Our challenge is the amount the teenaged boy can eat...and the fact that he's the only one who can eat that way.  We noticed a few weeks ago that DS2 was getting a tiny bit chubby.  Didn't really think anything of it, because our kids basically would "chub up" for a week or two right before sprouting up.

Then he didn't sprout up like we expected...we came to realize that every time the teenager wanted a snack, he also wanted a snack.  Our snacks are generally less healthy now than 6 years ago when DS1 was this age...I was a lot stricter and we weren't all stuck together 24-7 in COVID-land.  Neither kid is getting as much exercise as normal (though we do stuff as a family and make them get exercise every day.)  I mean, on a normal school day, DS2 would play before school, morning recess, lunch recess, and after school program.  School lunches and snacks are super healthy.

So, we reverted back a bit to our old ways of ... you know, dessert night is Tuesday and Friday.  Yes, you can have nutella on toast for breakfast, but only 3 days a week.  Thirsty?  Have some water.

Covid has seen us develop a significat flavored water habit.  I'm okay with this because it's still essentially healthy, though it does cost more than tap water.  But I'm much happier drinking something with flavor.  Might this help satisfy the thirsty kids?

Sun Hat

  • Pencil Stache
  • ****
  • Posts: 816
  • Location: Canada
Re: Pandemic hoarding
« Reply #607 on: November 30, 2020, 07:43:34 PM »
@birdie55  , @OtherJen
I knew the guidance but still took a chance when a friend said that her parents just boiled the heck out of them when water-bath canning them plain when she was a kid. I'm normally a fervent rule-follower, but got a nerd's rush trying to see if I could boil my way around the guidelines. I won't be making that mistake again! Fastidious rule-following may not be adventurous, but it would have saved me a really gross afternoon of draining beet sludge!

(That friend is something of a superhero, but I'm not willing to get food poisoning to try to get her botulism-induced superpowers!)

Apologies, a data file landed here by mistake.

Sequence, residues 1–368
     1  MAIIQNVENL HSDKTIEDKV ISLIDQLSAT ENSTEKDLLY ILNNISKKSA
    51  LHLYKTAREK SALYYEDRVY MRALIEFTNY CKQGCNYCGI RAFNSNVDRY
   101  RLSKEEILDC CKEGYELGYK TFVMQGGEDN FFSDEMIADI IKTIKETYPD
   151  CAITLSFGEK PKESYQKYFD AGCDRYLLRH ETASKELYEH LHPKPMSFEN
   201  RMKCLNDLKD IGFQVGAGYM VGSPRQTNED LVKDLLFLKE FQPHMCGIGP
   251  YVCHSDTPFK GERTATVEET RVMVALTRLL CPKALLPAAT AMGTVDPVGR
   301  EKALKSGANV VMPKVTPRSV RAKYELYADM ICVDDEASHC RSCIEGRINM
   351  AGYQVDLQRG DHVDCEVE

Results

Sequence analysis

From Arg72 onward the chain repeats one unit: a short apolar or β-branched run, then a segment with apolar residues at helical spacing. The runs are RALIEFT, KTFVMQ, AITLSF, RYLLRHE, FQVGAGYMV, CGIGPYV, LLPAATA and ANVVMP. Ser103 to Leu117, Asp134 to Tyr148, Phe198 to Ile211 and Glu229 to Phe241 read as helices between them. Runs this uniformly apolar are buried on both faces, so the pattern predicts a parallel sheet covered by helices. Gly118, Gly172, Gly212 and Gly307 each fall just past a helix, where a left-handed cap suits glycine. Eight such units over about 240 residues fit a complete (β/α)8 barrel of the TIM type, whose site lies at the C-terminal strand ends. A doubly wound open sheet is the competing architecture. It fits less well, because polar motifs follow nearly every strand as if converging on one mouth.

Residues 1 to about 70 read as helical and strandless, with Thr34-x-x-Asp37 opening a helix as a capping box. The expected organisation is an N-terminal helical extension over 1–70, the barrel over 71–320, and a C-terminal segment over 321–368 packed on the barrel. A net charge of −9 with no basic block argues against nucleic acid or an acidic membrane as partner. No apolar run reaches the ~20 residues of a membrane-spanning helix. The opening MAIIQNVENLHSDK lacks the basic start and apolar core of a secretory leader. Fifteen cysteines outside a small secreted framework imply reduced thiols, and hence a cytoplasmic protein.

Roadrunner53

  • Magnum Stache
  • ******
  • Posts: 3062
Re: Pandemic hoarding
« Reply #608 on: December 01, 2020, 02:47:22 AM »
Chickpea crisis averted, may have strayed slightly into the realm of hoarding. Target pickup went smoothly, so much so that I needed to kill time and ended up making a quick stop at Aldi (was trying to avoid visiting a store at all but oh well). Four cans at Target for $.59, and since there are currently no limits at Aldi (had been 4 per customer for a while), got a full dozen for $.50 each. Stocked up on garlic too.

Already flush with tahini so my hummus habit should be handled for several weeks.

hooplady, can you post your recipe for hummus? I buy chickpeas with that intention and then just don't. It is a bit out of my element but would like to try because when I buy it, already made, I do like it!

Roadrunner53

  • Magnum Stache
  • ******
  • Posts: 3062
Re: Pandemic hoarding
« Reply #609 on: December 01, 2020, 02:58:06 AM »
@birdie55  , @OtherJen
I knew the guidance but still took a chance when a friend said that her parents just boiled the heck out of them when water-bath canning them plain when she was a kid. I'm normally a fervent rule-follower, but got a nerd's rush trying to see if I could boil my way around the guidelines. I won't be making that mistake again! Fastidious rule-following may not be adventurous, but it would have saved me a really gross afternoon of draining beet sludge!

(That friend is something of a superhero, but I'm not willing to get food poisoning to try to get her botulism-induced superpowers!)

Sun Hat, my Mom was an avid canner and she canned everything you can imagine and never had issues. She had a Ball canning book and followed the instructions to the letter. That was her bible. She would be in the kitchen, in August, with boiling pots of water and would can late into the evening hours. It was her pride and joy. She also won about 10 different ribbons at a local country fair for various canned items one summer. My advice is to pick up a Ball canning book! No shame in what you did because you learned from it...we all learn the hard way it seems! Buy your friend a copy of the Ball book too before she kills someone!

lthenderson

  • Handlebar Stache
  • *****
  • Posts: 1840
Re: Pandemic hoarding
« Reply #610 on: December 01, 2020, 07:25:49 AM »
We buy dried chickpeas in bulk because they have always been plentiful, even during this pandemic and they don't have any extra things like preservatives. I then bring them to a boil for two minutes and let soak for a half hour, then bring to a boil again and hot pack into canning jars and pressure can them. I think we can get a bag of dried chickpeas for under $1.50 and that makes 6-8 pints of canned chickpeas.

When we are ready for hummus, we just open a jar and dump the contents into our blender along with our favorite ingredients. Usually lots of garlic, a squeeze of lemon, roasted red peppers, a couple spoonful of tahini, salt and some olive oil.  Blend thoroughly and enjoy.

hooplady

  • 5 O'Clock Shadow
  • *
  • Posts: 15
  • Location: Florida
Re: Pandemic hoarding
« Reply #611 on: December 01, 2020, 09:19:12 AM »
hooplady, can you post your recipe for hummus? I buy chickpeas with that intention and then just don't. It is a bit out of my element but would like to try because when I buy it, already made, I do like it!
It's one of those things that I've been making forever so I don't measure most of the ingredients but here's my best guesstimate.

Two 15-oz cans of chickpeas/garbanzos. Drain and reserve the liquid from one can, add back as much as needed to bring to consistency of your liking.